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[Bug libc/15615] Poor quality output from rand_r
- From: "neleai at seznam dot cz" <sourceware-bugzilla at sourceware dot org>
- To: glibc-bugs at sourceware dot org
- Date: Fri, 14 Jun 2013 12:10:59 +0000
- Subject: [Bug libc/15615] Poor quality output from rand_r
- Auto-submitted: auto-generated
- References: <bug-15615-131 at http dot sourceware dot org/bugzilla/>
--- Comment #3 from Ondrej Bilka <neleai at seznam dot cz> ---
On Thu, Jun 13, 2013 at 12:38:42PM +0000, bugdal at aerifal dot cx wrote:
> --- Comment #2 from Rich Felker <bugdal at aerifal dot cx> ---
> On Thu, Jun 13, 2013 at 08:26:27AM +0000, neleai at seznam dot cz wrote:
> > A problem here is that for many users predictability is much more
> > important than quality. Developer expects that when he uses rand_r with
> > state that he controls will not vary. This can cause extra debbuging hastle
> > when
> > code mysteriously fails on one machine but not other or desync issues.
> Could you explain better what you're concerned about? By
> "predictable", do you mean keeping the same sequence it's had in the
> past? Aside from that, any PRNG with 32-bit state and 31-bit output is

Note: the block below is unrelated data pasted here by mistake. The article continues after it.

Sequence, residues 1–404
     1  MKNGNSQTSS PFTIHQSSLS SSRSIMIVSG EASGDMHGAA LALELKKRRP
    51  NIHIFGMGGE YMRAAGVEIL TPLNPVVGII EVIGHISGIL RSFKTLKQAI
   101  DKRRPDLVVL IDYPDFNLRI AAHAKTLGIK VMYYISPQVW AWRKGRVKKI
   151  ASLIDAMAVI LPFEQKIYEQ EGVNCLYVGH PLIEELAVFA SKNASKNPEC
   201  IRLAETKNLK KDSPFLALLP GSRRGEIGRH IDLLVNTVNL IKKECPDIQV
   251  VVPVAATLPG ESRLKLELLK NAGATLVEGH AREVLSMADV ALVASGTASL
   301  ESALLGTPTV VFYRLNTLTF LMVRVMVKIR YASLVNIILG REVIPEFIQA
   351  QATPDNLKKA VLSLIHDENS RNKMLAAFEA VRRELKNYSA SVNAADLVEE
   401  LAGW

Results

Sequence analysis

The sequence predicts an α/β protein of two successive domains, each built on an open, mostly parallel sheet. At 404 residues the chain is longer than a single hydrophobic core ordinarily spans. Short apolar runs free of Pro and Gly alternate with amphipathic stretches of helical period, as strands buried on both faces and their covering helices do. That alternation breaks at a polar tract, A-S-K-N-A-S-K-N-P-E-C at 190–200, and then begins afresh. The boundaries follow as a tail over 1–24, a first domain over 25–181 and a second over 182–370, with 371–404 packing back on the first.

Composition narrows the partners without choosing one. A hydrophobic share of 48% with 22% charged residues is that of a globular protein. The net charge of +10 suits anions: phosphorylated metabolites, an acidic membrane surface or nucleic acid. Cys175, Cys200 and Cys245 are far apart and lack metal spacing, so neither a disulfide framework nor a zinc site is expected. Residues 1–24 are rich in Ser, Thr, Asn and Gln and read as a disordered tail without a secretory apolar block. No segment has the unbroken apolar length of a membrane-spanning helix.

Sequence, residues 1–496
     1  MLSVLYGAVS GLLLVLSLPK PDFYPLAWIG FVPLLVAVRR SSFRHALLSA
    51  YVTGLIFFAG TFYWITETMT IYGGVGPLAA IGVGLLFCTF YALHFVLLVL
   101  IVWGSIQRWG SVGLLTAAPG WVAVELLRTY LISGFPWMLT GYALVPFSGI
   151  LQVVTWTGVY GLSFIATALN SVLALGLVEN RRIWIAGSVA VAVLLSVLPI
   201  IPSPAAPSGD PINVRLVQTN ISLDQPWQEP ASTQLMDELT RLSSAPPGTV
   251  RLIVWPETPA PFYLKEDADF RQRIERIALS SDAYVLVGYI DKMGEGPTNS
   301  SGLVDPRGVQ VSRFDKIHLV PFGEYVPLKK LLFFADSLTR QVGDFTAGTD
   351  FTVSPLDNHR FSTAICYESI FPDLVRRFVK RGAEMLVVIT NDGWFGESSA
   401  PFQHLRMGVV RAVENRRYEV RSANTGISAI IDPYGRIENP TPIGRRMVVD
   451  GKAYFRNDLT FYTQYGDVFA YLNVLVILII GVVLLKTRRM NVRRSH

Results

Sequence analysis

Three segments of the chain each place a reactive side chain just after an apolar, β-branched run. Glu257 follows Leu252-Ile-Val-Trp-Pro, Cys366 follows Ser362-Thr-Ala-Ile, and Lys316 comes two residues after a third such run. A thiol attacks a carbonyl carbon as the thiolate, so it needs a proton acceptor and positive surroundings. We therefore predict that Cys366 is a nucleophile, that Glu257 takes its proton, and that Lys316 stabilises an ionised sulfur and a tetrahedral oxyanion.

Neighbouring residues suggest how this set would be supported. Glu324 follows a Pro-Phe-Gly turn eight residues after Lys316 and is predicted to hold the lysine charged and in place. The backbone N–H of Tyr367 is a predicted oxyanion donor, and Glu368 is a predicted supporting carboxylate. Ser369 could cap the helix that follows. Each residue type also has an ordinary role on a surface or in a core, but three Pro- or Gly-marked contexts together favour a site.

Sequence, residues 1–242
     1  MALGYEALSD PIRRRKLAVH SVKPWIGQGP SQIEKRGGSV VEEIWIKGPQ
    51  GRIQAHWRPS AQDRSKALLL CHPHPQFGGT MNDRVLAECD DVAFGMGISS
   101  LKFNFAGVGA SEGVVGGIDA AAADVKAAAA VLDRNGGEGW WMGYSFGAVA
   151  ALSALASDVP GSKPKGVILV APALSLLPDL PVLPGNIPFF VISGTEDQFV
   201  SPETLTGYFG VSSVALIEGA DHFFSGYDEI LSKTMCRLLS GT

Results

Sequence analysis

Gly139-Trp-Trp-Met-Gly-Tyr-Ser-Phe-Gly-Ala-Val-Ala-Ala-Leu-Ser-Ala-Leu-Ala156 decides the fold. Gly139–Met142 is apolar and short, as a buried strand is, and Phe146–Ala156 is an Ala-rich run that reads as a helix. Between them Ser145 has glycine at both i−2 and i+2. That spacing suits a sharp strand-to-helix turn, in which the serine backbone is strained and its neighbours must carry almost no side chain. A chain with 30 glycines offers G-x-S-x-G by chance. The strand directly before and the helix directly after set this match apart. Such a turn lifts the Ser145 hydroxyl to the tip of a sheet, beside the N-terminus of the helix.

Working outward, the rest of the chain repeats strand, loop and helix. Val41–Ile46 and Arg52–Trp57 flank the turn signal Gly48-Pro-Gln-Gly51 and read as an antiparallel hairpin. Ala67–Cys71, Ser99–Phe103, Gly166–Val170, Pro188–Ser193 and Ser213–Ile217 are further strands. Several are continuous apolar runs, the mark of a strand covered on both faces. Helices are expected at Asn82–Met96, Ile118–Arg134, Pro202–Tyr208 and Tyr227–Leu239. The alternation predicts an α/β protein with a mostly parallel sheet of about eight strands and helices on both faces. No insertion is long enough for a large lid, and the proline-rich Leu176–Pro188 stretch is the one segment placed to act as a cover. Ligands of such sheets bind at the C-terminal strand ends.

> equally "predictable".
> > > To fully fix rand_r, the approach of concatenating multiple iterations should
> > > be abandoned in favor of a single-LCG-iteration approach followed by an
> > > invertable transformation on the output. Obviously a 32-bit cryptographic block
> > > cipher would give the best statistical properties, but it would be slow. In
> > This is false, I have a replacement of this with four rounds of AES. On
> > intel using aesenc I performance is better than current, I did not
> > propose that due of problems above. I wrote a RFC for random
> > replacement on libc-alpha, browse archives.
> AES itself does not use 32-bit blocks, so you must be using a modified
> version. Would you care to explain? I searched the archives but could
> not find your post.
Here, I wrote a version relevant to random. I did this to see how fast I
could get if I employ paralellism and inlining.
To test rand_r equivalent I wrote a simple generator (which is for
mostly to test performance, I did not look for quality.)
movd %xmm1, (%rdi)
movd %xmm1, %eax
shr $1, %eax
On sandy bridge this code runs at half of speed of rand_r.
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